The hot topic in the comic book world today. The Batwoman creative team of J.H. Williams III and W. Haden Blackman have exited the title, citing continual DC fuckery regarding the trajectory of their story lines. The most prominent complaint of theirs is that DC refused to allow Kate Kane to marry her fiancee Maggie Sawyer.
…Didn’t have a headline in me. I apologize. Insert something not very clever, mention latex, nod your head at Caff-Pow’s predictability. Or just hit the jump and enjoy this wonderful Batwoman cosplay. Probably the better bet.
Batwoman is a 1968 Mexican movie that I had no clue existed until last night. Today, I watched the entire movie and I’m still blown away by what I saw. How can I describe it? Hrm… imagine if you took the 1960’s Batman series and set it in Mexico. And then added kooky subtitles. And then replaced Adam West with a hot-ass Mexican babe whose uniform primarily consists of a bikini.
That hot-ass Mexican babe is Maura Monti. And she’s incredible.
For the past month or so, Caffeine Powered has been presenting Variant Covers, a weekly feature that previews some of the more notable comic releases of the upcoming Wednesday. Starting this week, I am going to begin offering Images & Words, a complementary post that essentially tells you about my favorite comic of the week.
So to clarify:
Variant Covers — Caffeine Powered tells you which comics to look for.
Images & Words — Pepsibones rants about his favorite release of the week.
Get ready for some magic! (“Illusions, Michael, illusions…”)
Just as Caffeine Powered told you on Tuesday, some big titles have dropped this week. Jonathan Hickman continues his excellent run on Fantastic Four by starting a new arc that centers on Franklin Richards; Geoff Johns and Ed Benes remind us that Hal Jordan and Kyle Rayner aren’t the only worthy ring-bearers of the DCU in Green Lantern #49; and one-shot Captain America — Who Will Wield the Shield is less of a cash-grab and more of a genuine exploration of the new relationship between Steve Rogers and James Buchanan.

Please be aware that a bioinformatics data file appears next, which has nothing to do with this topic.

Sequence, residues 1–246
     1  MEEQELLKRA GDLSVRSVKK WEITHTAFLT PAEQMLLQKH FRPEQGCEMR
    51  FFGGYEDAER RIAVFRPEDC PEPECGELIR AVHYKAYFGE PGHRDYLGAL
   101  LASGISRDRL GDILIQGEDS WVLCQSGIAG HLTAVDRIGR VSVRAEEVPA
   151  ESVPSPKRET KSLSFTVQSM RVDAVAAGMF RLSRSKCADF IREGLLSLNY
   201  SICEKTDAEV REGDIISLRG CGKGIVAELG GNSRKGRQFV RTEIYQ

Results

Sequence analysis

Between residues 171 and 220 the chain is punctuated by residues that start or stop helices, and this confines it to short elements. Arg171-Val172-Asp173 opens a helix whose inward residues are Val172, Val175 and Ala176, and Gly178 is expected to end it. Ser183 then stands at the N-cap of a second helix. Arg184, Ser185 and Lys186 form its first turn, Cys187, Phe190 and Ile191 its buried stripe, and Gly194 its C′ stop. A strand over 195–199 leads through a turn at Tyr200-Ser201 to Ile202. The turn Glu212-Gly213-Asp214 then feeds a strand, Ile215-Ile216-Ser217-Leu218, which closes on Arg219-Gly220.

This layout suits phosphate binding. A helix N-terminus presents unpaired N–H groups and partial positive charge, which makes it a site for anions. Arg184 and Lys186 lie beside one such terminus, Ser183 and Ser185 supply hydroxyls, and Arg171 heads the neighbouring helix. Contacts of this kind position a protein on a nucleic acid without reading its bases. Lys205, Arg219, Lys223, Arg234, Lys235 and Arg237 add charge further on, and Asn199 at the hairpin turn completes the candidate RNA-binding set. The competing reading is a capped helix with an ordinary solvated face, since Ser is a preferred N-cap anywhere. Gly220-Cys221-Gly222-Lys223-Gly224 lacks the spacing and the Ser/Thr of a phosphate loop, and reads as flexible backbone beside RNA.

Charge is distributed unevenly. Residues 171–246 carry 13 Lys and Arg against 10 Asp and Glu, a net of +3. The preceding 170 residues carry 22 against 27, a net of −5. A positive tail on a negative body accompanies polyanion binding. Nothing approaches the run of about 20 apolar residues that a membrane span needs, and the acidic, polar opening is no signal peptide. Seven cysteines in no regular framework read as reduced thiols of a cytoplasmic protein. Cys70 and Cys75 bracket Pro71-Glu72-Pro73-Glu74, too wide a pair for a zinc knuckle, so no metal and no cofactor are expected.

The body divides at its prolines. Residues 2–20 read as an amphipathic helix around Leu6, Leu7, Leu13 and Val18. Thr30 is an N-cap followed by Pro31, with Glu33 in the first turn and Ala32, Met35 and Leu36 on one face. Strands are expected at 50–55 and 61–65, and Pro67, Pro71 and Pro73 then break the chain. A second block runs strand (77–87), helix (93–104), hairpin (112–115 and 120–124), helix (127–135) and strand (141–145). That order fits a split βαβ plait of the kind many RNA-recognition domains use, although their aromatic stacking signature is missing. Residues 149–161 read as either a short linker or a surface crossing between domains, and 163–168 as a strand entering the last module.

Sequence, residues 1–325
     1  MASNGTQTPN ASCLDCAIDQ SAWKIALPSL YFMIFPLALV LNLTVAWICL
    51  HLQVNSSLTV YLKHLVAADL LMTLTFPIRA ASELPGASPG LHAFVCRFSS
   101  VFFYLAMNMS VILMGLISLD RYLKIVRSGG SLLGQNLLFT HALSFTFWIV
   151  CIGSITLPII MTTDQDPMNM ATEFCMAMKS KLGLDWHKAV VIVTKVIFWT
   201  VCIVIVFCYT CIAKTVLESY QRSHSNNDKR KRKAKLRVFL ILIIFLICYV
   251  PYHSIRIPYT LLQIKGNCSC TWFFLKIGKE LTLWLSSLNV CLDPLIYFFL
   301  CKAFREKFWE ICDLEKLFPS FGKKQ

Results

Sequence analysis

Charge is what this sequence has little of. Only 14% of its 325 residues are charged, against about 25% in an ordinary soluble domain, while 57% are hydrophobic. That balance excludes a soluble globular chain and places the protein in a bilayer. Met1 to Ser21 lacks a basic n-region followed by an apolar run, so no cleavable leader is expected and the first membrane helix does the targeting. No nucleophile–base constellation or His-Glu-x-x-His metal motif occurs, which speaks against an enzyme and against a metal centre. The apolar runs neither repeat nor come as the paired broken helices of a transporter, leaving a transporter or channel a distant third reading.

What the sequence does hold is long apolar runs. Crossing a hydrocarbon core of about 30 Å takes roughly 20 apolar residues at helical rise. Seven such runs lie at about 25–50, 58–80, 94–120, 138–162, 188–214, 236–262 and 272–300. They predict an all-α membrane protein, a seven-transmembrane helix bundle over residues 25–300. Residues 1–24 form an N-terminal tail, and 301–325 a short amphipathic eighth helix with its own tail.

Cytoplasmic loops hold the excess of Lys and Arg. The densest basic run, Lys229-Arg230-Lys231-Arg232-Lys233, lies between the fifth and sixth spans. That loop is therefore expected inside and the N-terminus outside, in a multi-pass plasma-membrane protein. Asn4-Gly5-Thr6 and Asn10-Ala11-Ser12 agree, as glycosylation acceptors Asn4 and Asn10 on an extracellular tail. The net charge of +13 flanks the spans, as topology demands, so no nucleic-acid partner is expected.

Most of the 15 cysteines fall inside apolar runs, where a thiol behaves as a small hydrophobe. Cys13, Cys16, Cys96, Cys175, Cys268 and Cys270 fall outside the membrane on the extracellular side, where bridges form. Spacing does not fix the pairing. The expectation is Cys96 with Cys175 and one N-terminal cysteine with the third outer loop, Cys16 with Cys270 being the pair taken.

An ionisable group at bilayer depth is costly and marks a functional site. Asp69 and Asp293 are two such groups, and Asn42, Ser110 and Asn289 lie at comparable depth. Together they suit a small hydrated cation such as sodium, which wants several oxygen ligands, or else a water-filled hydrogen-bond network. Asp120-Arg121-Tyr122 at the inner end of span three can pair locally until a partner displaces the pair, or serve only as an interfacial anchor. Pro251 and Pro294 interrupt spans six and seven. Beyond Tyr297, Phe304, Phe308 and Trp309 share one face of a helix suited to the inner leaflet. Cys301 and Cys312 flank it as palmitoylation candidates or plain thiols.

While I don’t feel as though I’ve wasted any cash this week (which is a rare thing in the life of a comic nerd), one collection of images and words stands a step all of the aforementioned titles: Detective Comics #860.
For those of you who haven’t been keeping up, Detective Comics has been helmed by Batwoman since Bruce Wayne bit the dust. Long story short — Batwoman is Kate Kane, a Jewish lesbian with special ops training, a father with connections in the military, and an insanely rich stepmother who ostensibly funds the vigilantism without even knowing it. Yeah, I know that the description makes the character simultaneously seem like a bit of a stretch as well as a disingenuous attempt to insert diversity into comic books. To be honest I don’t have any investment in the idea or concept of Batwoman, but the collaboration between Greg Rucka and J.H. Williams III has kept me coming back for more.
Story wise, Greg Rucka has been using Detective Comics to present the compelling mysteries and tales of crime for which he has come to be known. This latest issue, the third part of an arc titled Go, features flashbacks in which the reader sees Kate Kane trying to cut her teeth in the crime-fighting biz. In the process, Kate has to deal with ex-girlfriend/DCU fan-favorite Renee Montoya and eventually come to accept the assistance of her father. The narrative then takes us to present day, in which Kate is trying to deal with the fact that her long-lost twin may actually be a villain named Alice.
Again, as I type this shit out, I realize how terrible and played-out it seems. Maybe it is. But even if you find nothing worthwhile about the story itself, you’d have to be a fool to not recognize the beauty that is J.H. Williams III’s paneled page.
At the very least, any comics reader should respect the way in which Williams structures his panels. On some pages, such as during flashbacks, Williams sticks to the familiar, rectangular panel layouts we’ve all come to know and love. However, the artist really shines when he takes a path less traveled; for example, the panels often compose smaller segments of a Bat-symbol that spreads across the entire page. Something so simple as putting the story within subdivisions of a larger visual whole really pays off.
Also, it’s worth mentioning that Dave Stewart is the colorist for Detective Comics. He’s the man — if you ever get the chance, check out his phenomenal work on Darwyn Cooke’s The New Frontier.
Detective Comics #860 isn’t a classic single issue and a year from now I’ll probably be completely incapable of telling you what it’s about. But as far this week is concerned, it is an exemplary combination of images and words, visual narrative and solid storytelling. If you cash in your Slurpee cup filled with spare change and it totals four bucks, go splurge on Detective Comics.